The 1993 launch of the first web browser - Mosaic - meant that the general public now had easy access to the web. Although a number of commercial
websites appeared during this time, few really appreciated the web - indeed, scepticism ruled the day, with many condemning the Internet simply
as a fad that would go away. In the opinion of many - myself included - the real birth of the commercial web was in October 1994 when 'Wired' magazine's
online edition, Hotwired.com, featured the first online banner advertisement (for AT&T). While 1995 and 96 saw great commercial steps forward for the
Internet in the USA (Amazon.com was launched in 1995), the rest of the world was slower in its uptake. Although the northern Europeans - including
Scandinavia - were at the forefront of outside-USA adoption, it was 1997 before businesses - and significantly, governments and the EU - really took
it seriously. Even then there was a long tail of uncertainty - with some major brands and house-hold names not even having a website until closer to
the end of the 1990s. The end of the old century and the beginning of the new millennium saw a kind of 'Internet fever', with every news medium featuring
web-related stories of some kind in every bulletin or edition. This culminated in the frenzy of ill-conceived investments in 'dot-com' businesses - and
their inevitable failure, the so-called 'dot-bomb' era. But despite the highly publicized crashes of web-based ventures, the value of the Internet was
obvious, and the doom mongers' predictions of its demise were well off the mark.
As with the history of the Internet, it is not necessary for the online marketer to know all the scientific and technical aspects of the medium.
However - if only to prevent programmers and other techies baffling them with science, the marketer should at least have an inkling of how the thing works.
What follows is a very rudimentary version of what happens when you go online.
1 The website is hosted on a computer (server) that holds it in the form of a program code until it is requested by a user.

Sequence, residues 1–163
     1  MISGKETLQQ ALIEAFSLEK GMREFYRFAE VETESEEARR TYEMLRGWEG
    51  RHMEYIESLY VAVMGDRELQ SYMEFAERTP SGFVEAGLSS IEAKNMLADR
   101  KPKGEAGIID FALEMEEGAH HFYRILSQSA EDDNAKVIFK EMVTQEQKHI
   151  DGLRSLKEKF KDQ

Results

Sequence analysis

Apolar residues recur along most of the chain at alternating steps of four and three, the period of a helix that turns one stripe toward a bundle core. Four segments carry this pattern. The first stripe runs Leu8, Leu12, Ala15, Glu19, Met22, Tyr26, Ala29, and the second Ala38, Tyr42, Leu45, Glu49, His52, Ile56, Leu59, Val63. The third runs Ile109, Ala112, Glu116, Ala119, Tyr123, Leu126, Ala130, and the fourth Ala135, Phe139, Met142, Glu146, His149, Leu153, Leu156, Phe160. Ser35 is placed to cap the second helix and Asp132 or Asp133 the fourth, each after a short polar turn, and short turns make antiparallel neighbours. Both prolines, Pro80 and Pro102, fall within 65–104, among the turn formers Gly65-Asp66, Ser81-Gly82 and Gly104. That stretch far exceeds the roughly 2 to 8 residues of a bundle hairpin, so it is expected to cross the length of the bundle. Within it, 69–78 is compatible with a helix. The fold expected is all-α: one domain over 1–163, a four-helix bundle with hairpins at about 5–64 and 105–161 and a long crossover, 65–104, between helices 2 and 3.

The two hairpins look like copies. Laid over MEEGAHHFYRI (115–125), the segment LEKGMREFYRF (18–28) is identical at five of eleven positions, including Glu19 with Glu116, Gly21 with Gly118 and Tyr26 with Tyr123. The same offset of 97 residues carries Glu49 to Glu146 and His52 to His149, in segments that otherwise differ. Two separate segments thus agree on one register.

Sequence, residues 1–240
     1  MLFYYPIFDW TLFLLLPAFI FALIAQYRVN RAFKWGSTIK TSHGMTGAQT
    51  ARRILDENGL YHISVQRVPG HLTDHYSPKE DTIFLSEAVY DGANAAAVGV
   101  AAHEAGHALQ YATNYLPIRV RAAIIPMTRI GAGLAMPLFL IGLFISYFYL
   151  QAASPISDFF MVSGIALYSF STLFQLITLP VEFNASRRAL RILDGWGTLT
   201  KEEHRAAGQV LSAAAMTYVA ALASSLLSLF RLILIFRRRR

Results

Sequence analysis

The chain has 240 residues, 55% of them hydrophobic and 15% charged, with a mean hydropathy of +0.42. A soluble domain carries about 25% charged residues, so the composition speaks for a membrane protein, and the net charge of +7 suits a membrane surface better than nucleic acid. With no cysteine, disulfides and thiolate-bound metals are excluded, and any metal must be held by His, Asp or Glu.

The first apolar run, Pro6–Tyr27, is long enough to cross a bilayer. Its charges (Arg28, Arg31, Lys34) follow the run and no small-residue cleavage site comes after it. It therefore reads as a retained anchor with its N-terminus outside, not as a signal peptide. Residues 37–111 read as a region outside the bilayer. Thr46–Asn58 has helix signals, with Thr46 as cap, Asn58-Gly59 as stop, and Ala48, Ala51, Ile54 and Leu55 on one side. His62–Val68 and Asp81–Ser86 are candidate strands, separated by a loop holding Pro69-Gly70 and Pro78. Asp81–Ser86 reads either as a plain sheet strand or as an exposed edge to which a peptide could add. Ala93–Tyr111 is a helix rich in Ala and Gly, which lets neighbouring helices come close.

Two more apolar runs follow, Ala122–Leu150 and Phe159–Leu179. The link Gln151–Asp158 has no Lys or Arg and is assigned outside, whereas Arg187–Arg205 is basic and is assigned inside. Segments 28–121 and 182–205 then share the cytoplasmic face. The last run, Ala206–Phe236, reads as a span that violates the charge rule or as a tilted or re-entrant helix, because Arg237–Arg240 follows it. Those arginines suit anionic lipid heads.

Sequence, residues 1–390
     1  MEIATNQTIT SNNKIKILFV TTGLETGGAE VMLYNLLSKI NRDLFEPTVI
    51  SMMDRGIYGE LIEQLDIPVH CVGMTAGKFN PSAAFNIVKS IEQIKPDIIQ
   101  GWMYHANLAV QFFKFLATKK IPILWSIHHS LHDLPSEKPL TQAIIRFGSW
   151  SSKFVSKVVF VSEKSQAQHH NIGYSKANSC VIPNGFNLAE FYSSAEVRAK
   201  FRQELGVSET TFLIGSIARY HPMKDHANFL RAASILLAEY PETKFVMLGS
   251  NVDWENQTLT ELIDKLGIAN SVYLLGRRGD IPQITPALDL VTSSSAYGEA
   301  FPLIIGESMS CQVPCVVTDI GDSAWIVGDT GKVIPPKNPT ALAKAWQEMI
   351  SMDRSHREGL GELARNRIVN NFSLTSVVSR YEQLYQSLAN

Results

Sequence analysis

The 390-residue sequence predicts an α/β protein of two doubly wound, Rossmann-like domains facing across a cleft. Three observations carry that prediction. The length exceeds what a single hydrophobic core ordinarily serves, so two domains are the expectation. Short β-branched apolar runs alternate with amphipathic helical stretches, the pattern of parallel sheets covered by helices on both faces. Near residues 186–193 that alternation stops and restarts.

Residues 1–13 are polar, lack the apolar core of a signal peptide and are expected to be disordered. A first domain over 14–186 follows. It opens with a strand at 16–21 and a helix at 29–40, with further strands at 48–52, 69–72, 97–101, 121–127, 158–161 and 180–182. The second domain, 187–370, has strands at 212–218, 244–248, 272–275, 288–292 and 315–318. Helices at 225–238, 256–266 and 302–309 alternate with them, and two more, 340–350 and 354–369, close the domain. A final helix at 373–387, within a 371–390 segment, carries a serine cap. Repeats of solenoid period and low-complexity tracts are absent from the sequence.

2 When the user either types a URL into a browser or clicks on a hyperlink, a request is sent from their computer - via an Internet service
provider (ISP) - for the files that make up that website to be delivered.
3 The elements that make up the website are sent - in 'packets' - to the requesting computer. Note that it is the 'packets' element of the
communication system that satisfied the ARPENet military requirements. Essentially - and is still the reason why the Internet rarely fails and delivers
quickly - the transmitted message is broken down into its component parts and each is tasked with finding its own way to the destination. The Cold War
scenario was that standard single-line methods of communication could be easily broken by an atomic explosion. With the Internet there is no single-line,
so if a packet hits a blockage it simply keeps looking until a clear route is found.
4 The packets arrive at the destination they are re-formed to make the complete message - which users see on their screens as a web page.
Of course - despite its complexity - online, this all happens in fractions of a second.
For an excellent pictorial demonstration of how the web works, see the BBC's
SuperPower: Visualising the internet and
Hobbes' Internet Timeline 24.